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The Civil War-era soldier that watches over the Castle Rock Valley Cemetery was erected 100 years ago. The cemetery celebrated its 150th anniversary during the Memorial Day weekend.

Quiet Castle Rock cemetery marks a milestone this year

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News Farmington,Minnesota 55024 http://www.farmingtonindependent.com/sites/default/files/styles/square_300/public/fieldimages/10/0613/0613.n.fr.cemetery.jpg?itok=IIvIZWpL
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Quiet Castle Rock cemetery marks a milestone this year
Farmington Minnesota P.O. Box 192 / 312 Oak St. 55024

The Castle Rock Valley Cemetery lies nestled away on a hill, surrounded by a grove of trees which, in turn, is surrounded by acres and acres of fields. It's a quiet place, where people go to mourn, or to celebrate a life. To cherish memories, and to simply spend time visiting the graves of loved ones.

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Cemeteries don't typically draw a lot of attention, but Castle Rock's is special. Over the Memorial Day weekend, the Castle Rock Valley Cemetery observed its 150th anniversary.

According to a history written by longtime Castle Rock historian Marlys Guildner -- now buried at the Castle Rock Valley Cemetery herself -- the township first met to discuss a cemetery back in April of 1863. A committee was formed to find a site for a public cemetery.

The committee met on June 9 of that year and recommended purchase of a northeast quarter of Section 21, owned by S. G. Stevens. They purchased the land for $5 per acre.

"I think it's very serene, it's very peaceful," said current Castle Rock Valley Cemetery board president Roger Randall. "You can go up on the hill, overlook the entire area. When you get way up on top of the full hill, you can see all directions, and you can look down over the cemetery."

Prior to the establishment of the cemetery, the area's dead were buried on the homesteads and family farms of the deceased, according to Guildner's history. Once the Castle Rock Valley Cemetery was established, many families removed and re-interred the bodies in the then-new cemetery.

A central focus of the cemetery is the statue of a Civil War-era soldier. It was dedicated 100 years ago, on May 30, 1913, during a Memorial Day ceremony.

The monument was built to honor the community's deceased war veterans. It was constructed for a cost of $500.

"The unveiling of the monument was rendered by two little girls. Grand-daughters of veteran soldiers, Gladys Rowell and Myra Stevens. This seemed to make the occasion more impressive," said the Dakota County Tribune in its June 6, 1913 story about the monument.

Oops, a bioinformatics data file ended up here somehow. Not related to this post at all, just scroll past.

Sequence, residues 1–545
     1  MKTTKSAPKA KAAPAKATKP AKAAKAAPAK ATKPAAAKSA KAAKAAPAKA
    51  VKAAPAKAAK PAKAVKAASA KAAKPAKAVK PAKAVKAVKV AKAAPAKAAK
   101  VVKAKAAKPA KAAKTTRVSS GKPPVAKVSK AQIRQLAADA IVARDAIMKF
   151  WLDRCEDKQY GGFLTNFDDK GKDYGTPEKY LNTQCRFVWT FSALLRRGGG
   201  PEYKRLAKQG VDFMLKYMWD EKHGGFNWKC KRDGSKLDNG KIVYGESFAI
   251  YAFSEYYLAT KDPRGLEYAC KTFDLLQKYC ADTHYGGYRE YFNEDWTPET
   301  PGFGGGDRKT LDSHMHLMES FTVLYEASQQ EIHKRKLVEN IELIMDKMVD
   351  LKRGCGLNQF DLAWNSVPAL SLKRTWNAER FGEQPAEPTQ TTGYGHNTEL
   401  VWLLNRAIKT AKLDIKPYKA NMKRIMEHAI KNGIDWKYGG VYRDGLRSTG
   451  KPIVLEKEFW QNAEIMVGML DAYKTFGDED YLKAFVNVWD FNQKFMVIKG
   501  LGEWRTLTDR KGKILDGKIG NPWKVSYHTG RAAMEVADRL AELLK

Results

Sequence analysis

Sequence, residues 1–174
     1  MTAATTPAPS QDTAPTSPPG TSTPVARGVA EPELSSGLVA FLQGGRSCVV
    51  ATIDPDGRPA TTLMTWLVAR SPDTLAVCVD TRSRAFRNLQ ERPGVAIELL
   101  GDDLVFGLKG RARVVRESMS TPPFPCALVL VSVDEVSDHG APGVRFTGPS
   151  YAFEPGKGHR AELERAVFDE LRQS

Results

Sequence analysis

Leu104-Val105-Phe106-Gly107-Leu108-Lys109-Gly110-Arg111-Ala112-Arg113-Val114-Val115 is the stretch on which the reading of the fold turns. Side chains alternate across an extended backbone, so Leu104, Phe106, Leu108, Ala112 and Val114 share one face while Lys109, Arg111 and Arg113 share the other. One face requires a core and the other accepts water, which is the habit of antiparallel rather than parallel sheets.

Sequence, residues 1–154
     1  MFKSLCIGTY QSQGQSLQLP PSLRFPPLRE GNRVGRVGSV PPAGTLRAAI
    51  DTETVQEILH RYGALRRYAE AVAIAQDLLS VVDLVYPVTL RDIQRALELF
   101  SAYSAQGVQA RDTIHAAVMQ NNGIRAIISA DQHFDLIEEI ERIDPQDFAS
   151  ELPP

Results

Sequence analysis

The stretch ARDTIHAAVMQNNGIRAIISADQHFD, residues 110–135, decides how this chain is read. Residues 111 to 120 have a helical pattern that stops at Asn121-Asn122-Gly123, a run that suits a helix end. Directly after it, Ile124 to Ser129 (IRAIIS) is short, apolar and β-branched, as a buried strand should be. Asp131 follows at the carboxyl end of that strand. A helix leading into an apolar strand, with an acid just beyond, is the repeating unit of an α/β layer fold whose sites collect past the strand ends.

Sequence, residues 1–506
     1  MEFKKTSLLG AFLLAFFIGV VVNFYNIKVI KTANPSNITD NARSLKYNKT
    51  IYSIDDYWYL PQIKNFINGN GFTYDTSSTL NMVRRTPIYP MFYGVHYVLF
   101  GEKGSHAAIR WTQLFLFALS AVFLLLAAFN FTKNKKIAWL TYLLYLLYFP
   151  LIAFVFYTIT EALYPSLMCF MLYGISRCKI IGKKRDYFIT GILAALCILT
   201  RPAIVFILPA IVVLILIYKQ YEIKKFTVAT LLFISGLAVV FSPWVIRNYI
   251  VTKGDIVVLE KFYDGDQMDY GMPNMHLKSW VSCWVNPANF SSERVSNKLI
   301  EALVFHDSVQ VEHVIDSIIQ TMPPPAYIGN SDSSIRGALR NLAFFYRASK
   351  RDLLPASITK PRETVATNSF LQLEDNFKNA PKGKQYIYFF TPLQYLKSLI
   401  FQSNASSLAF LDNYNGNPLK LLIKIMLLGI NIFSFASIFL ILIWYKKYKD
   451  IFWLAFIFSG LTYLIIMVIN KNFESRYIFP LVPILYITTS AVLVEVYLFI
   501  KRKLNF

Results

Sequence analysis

But there was more to that story, said Guildner's daughter, Barbara Lang. Gladys Rowell became Guildner's mother, and Myra Stevens, her aunt. Family lore has it that the sheet covering the statue actually got caught and caused a stir during the ceremony, Lang said.

As of this year, there are 55 veterans buried in the Castle Rock Valley Cemetery -- one from the War of 1812, 22 from the Civil War, six from World War I, 11 from World War II, four from the Korean Conflict, three Vietnam veterans and eight other veterans.

An anniversary

Those veterans, and the wars they served in, were recognized during the sesquicentennial ceremony during Memorial Day weekend. Crosses were erected to denote each of the wars American soldiers have been involved in, and bouquets were placed at each during the ceremony.

A new set of benches constructed around the monument were dedicated at this year's ceremony, as well. The benches were part of an Eagle Scout project by Hunter Ehlers, who comes from a long line of sextons for the cemetery.

"There's a lot of family history out there," Randall said. "There's one family, I don't remember the name, but there were five members of the family who died between March and September. That was in the early 1880s. When you read all those names on one tombstone, it's kind of like, wow, there's a lot of connections here. All off a sudden, within four or five families, you have almost half of the cemetery involved."

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Michelle Leonard
Michelle Leonard joined the Woodbury Bulletin staff in November, 2014, after 14 years covering news for the Bulletin's sister publication, the Farmington Rosemount Independent Town Pages.  Michelle earned her Bachelor of Science degree in Mass Communications: News-Editorial from Mankato State University in 1991. She is an active member of the American Legion Auxiliary Clifford Larson Unit 189 of Farmington, and is the 2014-15 Third District President to the American Legion Auxiliary Department of Minnesota. Michelle is also the volunteer coordinator for the Minnesota Newspaper Museum which is open annually during the Minnesota State Fair. She has earned Minnesota Newspaper Association awards in Investigative Reporting, Local News Coverage, Feature Photography and Column Writing. 
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